“ROADS, REPAIRS, sidewalks, curbs, slabs, foundations, walls, driveways, paving and pavers, and more. Team Tucker Paving knows concrete. Call 863-299-2262.”

That’s the message that was delivered to Central Florida — and well beyond — in a recent post to the Tucker Paving Facebook site. Excellent concrete work, something we take pride in here at Tucker Paving, requires considerable of knowledge and skill, and we’re fortunate that our team members have a lot of both.

Speaking of knowledge, the world of concrete has produced enough interesting facts — some useful; some trivial — to fill several blog posts like this one. We’ll offer a dozen concrete “fast facts” today and then perhaps revisit the topic in another blog article down the road.


  1. Though the two words often are used interchangeably, “cement” and “concrete” are two different things. Concrete is more the finished product, with cement — Portland cement — as a key “ingredient” or component. Other elements of concrete are aggregates, such as sand, gravel, or crushed stone, and water.

  2. Concrete-like materials were used since 6500 B.C. by the Nabataea traders, or Bedouins, who occupied and controlled a series of oases in the area of modern-day southern Syria and northern Jordan. They discovered the advantages of hydraulic lime, with some self-cementing properties, by 700 B.C.

  3. In the ancient Egyptian and later Roman eras, builders found that the addition of volcanic ash to the concrete mix allowed it to set underwater.

  4. German archaeologist Heinrich Schliemann found concrete floors, which were made of lime and pebbles, in the royal palace of Tiryns, Greece, which dates from about 1400 B.C. to 1200 B.C.

  5. The Romans used concrete extensively from 300 B.C. to 476 A.D, a span of more than seven hundred years. Roman concrete (or opus caementicium) was made from quicklime, pozzolana (a natural siliceous or siliceous and aluminous material) and pumice as the aggregate of pumice. The use of concrete enabled revolutionary new designs in terms of both structural complexity and dimension. The widespread use of concrete in many Roman structures ensured that many survive to the present day.

  6. The use of Roman-type concrete was greatly reduced during the Middle Ages, but the 150-mile-long Canal du Midi in southern France was built using concrete in 1670.

  7. The modern use of concrete was driven by the construction of Smeaton’s Tower, the third Eddystone Lighthouse in Devon, England. To create this structure, between 1756 and 1759, British engineer John Smeaton pioneered the use of hydraulic lime in concrete, using pebbles and powdered brick as aggregate.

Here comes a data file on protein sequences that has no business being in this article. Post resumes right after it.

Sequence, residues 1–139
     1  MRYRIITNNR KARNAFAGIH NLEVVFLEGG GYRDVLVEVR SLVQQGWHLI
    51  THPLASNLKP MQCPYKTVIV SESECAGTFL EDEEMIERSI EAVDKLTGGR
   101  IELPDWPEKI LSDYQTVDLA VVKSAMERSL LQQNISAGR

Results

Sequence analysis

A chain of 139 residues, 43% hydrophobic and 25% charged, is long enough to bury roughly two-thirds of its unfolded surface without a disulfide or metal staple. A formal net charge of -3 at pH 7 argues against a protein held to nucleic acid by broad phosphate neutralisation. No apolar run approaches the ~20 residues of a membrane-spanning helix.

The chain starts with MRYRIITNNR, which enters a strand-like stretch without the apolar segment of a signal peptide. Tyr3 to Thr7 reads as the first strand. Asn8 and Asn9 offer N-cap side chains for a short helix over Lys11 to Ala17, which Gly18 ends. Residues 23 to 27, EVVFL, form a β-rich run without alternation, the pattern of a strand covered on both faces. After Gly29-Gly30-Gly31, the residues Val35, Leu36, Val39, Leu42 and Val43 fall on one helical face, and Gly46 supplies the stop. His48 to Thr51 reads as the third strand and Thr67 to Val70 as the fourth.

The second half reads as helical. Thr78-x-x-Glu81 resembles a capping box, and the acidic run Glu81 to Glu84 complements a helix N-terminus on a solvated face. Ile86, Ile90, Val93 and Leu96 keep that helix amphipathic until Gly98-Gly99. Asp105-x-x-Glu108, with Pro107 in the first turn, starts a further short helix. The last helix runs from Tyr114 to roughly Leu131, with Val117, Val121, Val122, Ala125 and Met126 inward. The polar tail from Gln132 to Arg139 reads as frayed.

8. Developed in England in the 19th century, a method for producing Portland cement was patented by Joseph Aspdin in 1824. Aspdin named it due to its similarity to Portland stone, which was quarried on the Isle of Portland in Dorset, England. His son, William Aspdin, is regarded as the inventor of “modern” Portland cement due to his developments in the 1840s.

  9. Joseph Monier of France invented reinforced concrete in 1849. The first concrete reinforced bridge was built in 1889, and the first large concrete dams were built in 1936. Those are the Hoover Dam, on the border between Nevada and Arizona, and the Grand Coulee Dam on the Columbia River, west of Spokane, Wash.

  10. Before the development of radar in World War II, the British army erected parabolic acoustic mirrors‚ commonly called “listening ears‚” to detect incoming enemy aircraft. A network of these enormous concrete sound reflectors was constructed along England’s coast during the early days of the war and still can be seen today.

  11. The first concrete road in the United States was built in 1909 on Woodward Avenue between Six Mile and Seven Mile roads in Greenfield Township, now part of northwest Detroit. Almost 30 per cent of the U.S. interstate highways are built using concrete.

  12. The Three Gorges Dam on China’s Yangtze River is the largest concrete structure in the world. Built between 1994 and 2006, the dam is 185 meters (607 feet) high and 2,309 meters (1.43 miles) long.

Sources: Concrete Contractors Association of Greater Chicago [www.ccagc.org]; Wikipedia [https://en.wikipedia.org/wiki/Concrete]; and TiltWall Inc. [https://tiltwall.ca]